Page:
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Old July 8, 2013, 10:01 PM   #1
SerenityNetworks
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Condition brittle leather scabbard

I now have this nice leather scabbard that my father used years ago. It was put away and forgotten for years. The leather is hard and dry. You can hear it crack when gripped firmly.

I'm not sure if I want to use it as a carrying case (the inside is lined with lambskin) or perhaps flatten it out and use the decorative leather for some sort of decoration or decorative background. Either way, it seems to me that I need to somehow soften / recondition the leather.

Any advice on how to go about the task?

Thanks in advance,
Andrew
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Old July 8, 2013, 10:14 PM   #2
SgtLumpy
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I've used saddle soap on saddles and other leather horse tack that has sat for ages and dried to the really stiff condition. I think it's some kind of very light oil, emulsified in water. Which I think defines what soap is. A lot of horse people use "Tone" or other or other moisturizing bar soap. I think the concept is all the same. Not too much oil, allow it to wash off a bit with water, dry and buff.

I don't care for neatsfoot or mink oil. That kind of stuff always seems to leave things greasy.

There was a heated argument here recently on what to use on holsters. Perhaps this application is calmer than the holster argument since the scabbard isn't formed or boned to any particular weapon.

We've got some 100+ year old tack that stays just fine with a little saddle soap every four or five years. And that was after it had sat for maybe 30 years in a hot Arizona shed, unused.


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Old July 8, 2013, 10:16 PM   #3
big al hunter
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Saddle soap and lots of elbow grease. Work it in with a rag in tiny circles. Someone may have a new, easier product.
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Old July 8, 2013, 10:28 PM   #4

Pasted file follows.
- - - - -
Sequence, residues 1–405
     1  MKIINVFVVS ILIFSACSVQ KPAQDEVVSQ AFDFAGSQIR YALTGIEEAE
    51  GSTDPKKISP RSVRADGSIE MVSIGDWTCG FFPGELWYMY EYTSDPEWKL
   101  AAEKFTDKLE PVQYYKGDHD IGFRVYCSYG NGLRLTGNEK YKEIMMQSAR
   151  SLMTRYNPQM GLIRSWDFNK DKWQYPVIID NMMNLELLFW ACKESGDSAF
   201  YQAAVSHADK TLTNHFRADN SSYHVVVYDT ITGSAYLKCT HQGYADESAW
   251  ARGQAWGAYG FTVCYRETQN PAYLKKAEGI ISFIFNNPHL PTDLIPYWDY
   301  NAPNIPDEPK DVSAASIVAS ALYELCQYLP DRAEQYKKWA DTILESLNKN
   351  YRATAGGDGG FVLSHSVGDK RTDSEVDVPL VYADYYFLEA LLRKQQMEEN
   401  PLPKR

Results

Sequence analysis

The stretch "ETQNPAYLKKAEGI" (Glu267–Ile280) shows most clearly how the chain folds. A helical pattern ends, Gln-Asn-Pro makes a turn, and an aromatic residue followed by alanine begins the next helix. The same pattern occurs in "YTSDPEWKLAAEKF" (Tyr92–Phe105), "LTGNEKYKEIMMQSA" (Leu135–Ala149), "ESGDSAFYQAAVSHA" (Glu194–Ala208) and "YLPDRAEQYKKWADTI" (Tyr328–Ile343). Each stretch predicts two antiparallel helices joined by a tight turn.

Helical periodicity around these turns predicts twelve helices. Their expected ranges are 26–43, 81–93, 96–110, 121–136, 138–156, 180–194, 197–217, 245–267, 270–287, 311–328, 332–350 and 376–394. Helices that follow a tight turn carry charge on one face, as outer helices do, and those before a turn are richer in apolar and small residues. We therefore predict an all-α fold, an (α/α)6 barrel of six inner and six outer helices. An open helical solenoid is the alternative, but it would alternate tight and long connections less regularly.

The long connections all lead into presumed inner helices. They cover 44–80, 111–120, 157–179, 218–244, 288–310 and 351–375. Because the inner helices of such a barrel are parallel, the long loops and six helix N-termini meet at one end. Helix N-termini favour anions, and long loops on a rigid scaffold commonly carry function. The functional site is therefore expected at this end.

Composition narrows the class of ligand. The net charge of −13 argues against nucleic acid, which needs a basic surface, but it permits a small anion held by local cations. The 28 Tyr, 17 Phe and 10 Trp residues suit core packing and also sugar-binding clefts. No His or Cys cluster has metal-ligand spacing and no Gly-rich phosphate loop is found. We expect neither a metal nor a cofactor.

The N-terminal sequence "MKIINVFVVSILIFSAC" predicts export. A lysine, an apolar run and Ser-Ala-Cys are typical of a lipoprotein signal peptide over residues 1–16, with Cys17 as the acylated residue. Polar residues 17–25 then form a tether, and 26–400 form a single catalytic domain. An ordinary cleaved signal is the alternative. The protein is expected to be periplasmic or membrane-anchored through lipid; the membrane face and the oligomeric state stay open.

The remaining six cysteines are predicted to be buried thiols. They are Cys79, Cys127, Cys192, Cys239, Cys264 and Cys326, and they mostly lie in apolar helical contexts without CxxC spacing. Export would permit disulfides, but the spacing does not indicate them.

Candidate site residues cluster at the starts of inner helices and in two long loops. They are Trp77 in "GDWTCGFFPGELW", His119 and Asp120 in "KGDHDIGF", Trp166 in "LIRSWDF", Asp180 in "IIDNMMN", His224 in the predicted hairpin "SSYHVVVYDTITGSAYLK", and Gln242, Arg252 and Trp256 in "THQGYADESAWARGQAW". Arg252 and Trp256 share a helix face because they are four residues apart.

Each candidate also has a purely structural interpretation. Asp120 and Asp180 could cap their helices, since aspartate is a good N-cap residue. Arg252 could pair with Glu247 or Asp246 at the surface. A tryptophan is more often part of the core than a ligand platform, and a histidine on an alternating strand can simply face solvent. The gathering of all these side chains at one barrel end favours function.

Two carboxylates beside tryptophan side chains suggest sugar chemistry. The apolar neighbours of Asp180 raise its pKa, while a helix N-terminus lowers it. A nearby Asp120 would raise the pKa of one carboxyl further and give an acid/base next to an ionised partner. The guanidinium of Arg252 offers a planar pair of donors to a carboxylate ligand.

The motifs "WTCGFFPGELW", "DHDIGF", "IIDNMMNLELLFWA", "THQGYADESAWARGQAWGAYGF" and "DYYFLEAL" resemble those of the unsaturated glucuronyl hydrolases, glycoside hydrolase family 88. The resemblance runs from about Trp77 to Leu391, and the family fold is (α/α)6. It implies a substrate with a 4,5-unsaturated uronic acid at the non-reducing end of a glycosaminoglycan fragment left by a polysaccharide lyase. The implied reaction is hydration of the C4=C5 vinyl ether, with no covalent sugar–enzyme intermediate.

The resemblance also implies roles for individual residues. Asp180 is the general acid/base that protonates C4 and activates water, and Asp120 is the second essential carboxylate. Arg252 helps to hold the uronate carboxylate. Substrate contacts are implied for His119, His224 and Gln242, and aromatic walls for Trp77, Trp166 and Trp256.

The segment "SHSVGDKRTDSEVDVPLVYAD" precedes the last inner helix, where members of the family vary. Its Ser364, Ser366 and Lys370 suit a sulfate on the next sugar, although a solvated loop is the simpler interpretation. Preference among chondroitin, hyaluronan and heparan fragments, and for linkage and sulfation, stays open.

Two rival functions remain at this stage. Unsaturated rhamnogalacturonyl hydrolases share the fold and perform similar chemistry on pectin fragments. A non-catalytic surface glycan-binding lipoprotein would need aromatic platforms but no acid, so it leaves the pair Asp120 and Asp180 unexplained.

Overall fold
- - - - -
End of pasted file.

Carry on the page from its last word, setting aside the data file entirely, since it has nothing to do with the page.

SerenityNetworks
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I wondered about Saddle Soap, as I use it regularly to maintain good leather. I'm not really worried about darkening of the leather by the moisture restored with using the soap, but I just didn't know if the strong alkali might make matters worse on already brittle leather. I hesitate to experiment.

I wondered too if a wax or silicone product like SnoSeal might work. This isn't a holster, so I don't think I should be concerned about the leather stretching if I used an oil product. But with both these cases I would just be guessing.
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Old July 9, 2013, 09:50 AM   #5
Rifleman1776
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You cannot put back what has been lost.
But, you can help preserve as a decorative piece.
Neatsfoot oil applied very liberaly will help for a long time. Resoak about every five or ten years.
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Old July 9, 2013, 11:00 AM   #6
newfrontier45
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Good Lord, NEVER soak any leather in any oil or conditioner, unless you want it to be soft and floppy forever. This actually damages the cells within the hide, causing them to swell and burst. I don't know why people think they have to soak the leather in oil.

You absolutely can put back what was lost and what has been lost is moisture. You can't repair existing cracks but you can make the item usable again and prevent further cracking. Read this article from a leather restoration expert:

http://www.jarnaginco.com/leather%20preservation.htm